Simple steps for smartphone security

Apple, Blackberry, Windows mobile, and Android all have been under siege and the risk will continue to grow as these phones get smarter and more powerful

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by Chris Murrey, SecureState - Smartphones have become an integral part of our lives; we rely on them for everything. They hold all of our personal information, calendars, emails, phone numbers, text messages, and documents. However, the average user is not very savvy when it comes to the security of these devices. A user can browse to one of the many app stores and download just about anything, and most users do just that.
Securing mobile devices

One of the exciting things about smartphones is the customization of them. You can get any type of application you want, and most of the time it is free. You can get games, productivity applications, web servers, and ftp servers. Users feel a false sense of security because it is "just a phone" and the apps must be secure because they are getting them from an app store.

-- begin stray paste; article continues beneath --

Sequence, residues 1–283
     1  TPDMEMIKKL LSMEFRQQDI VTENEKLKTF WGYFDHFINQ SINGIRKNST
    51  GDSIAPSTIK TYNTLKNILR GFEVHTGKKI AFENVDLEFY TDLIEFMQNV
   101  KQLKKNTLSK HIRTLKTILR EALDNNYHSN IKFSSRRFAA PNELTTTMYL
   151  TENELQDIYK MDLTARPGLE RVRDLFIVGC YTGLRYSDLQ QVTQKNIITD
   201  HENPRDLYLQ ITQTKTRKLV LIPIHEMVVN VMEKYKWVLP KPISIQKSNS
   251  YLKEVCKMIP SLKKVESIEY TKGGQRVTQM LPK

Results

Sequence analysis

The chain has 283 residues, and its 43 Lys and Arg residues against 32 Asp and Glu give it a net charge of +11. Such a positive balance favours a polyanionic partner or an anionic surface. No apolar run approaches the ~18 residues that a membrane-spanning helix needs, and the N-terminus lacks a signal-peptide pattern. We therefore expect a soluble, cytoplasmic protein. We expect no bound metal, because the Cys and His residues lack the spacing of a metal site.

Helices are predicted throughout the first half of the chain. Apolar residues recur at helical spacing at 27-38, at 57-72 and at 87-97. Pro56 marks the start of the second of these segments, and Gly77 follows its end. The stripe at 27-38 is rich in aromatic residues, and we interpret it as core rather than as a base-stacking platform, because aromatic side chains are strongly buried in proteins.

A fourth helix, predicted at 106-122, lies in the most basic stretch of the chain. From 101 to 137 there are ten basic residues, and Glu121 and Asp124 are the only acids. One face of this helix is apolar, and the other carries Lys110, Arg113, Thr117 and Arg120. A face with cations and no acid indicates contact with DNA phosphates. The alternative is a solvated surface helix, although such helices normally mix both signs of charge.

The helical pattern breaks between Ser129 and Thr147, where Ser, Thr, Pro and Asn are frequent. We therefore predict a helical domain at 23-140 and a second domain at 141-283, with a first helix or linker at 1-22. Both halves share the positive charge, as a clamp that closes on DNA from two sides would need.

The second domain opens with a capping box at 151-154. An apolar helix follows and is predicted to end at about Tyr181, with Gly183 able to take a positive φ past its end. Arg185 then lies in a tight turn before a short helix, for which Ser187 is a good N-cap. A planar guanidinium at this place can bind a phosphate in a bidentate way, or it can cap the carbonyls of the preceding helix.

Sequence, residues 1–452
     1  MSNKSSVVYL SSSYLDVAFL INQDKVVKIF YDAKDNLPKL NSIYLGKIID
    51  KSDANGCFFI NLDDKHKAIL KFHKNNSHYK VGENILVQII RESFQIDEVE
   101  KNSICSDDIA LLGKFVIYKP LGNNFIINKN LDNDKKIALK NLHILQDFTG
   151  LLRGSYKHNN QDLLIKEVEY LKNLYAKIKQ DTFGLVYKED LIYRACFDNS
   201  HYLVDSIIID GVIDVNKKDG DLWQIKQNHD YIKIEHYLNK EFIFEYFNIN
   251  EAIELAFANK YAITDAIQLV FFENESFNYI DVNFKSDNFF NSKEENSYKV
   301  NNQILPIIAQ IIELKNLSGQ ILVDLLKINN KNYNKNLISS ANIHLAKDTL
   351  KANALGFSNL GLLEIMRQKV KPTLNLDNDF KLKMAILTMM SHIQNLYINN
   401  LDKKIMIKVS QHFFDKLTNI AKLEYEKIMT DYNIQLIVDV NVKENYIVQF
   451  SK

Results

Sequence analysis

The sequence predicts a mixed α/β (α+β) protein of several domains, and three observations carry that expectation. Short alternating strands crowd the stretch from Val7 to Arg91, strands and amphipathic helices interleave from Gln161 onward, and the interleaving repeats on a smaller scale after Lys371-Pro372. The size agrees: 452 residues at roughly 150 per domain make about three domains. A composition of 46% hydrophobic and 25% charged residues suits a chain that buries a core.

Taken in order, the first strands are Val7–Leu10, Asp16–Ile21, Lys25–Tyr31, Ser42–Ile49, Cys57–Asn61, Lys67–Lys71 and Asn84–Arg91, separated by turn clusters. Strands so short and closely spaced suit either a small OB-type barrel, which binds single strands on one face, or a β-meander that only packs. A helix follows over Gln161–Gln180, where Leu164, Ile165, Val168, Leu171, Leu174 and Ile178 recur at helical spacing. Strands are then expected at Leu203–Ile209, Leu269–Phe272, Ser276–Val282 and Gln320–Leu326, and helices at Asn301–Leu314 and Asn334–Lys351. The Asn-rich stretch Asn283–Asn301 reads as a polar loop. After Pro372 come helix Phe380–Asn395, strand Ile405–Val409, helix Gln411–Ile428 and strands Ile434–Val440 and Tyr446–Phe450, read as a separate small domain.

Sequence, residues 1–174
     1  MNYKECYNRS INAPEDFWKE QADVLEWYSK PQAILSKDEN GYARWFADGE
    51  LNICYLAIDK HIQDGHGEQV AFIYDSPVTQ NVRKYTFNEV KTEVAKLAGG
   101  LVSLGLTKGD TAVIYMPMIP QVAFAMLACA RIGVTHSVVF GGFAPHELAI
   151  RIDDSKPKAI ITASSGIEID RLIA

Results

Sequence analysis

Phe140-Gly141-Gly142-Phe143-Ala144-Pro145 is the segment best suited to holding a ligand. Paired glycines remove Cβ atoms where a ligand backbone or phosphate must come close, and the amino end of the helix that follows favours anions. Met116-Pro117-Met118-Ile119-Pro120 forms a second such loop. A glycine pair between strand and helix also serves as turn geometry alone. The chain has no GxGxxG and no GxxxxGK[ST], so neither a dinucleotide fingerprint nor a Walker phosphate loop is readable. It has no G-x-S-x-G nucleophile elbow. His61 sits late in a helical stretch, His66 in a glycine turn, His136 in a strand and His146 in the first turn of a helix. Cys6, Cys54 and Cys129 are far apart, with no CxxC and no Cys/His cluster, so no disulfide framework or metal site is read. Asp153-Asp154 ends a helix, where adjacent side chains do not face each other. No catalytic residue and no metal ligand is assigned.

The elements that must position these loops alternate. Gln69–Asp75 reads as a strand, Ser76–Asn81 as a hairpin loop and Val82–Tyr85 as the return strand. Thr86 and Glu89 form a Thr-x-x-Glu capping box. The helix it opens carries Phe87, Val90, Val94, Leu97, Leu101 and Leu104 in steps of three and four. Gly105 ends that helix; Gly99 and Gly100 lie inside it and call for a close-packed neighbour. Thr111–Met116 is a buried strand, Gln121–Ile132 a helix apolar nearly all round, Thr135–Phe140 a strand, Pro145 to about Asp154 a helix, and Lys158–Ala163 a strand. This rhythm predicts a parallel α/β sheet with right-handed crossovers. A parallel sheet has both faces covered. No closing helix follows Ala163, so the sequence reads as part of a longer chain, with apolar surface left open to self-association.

These apps, however, are developed by programmers of varying levels and skill sets, and security might not be their top priority. None of the app stores put the apps through a thorough security check; most run virus scans but it is usually done randomly and done after the app is posted. Even Apple has fallen victim to mobile malware.

Some apps have even been signed safe by the stores only to have malicious code be discovered at a later date. Samsung's Wave shipped with malware installed on the SD card, which activated as soon as it was connected to a PC.

Lookout, a mobile security firm, stated "we've gone from seeing 4 pieces of malware and spyware per 100 phones per year in December 2009 to 9 per 100 phones per year in May 2010. That's more than double the prevalence of malware and spyware on smartphones in less than 6 months."

The phones themselves have put in some protections such as limiting which app stores you can download apps from. Other protections can notify the user what the app will have access to, i.e. Contacts, GPS, or network info.

But how many users actually look to see what that cool app will do before they run it?

Once a malicious application has been activated, it can disable your phone, make toll calls, get your exact location, view your SMS messages, or even turn on the microphone to eavesdrop on your conversations.
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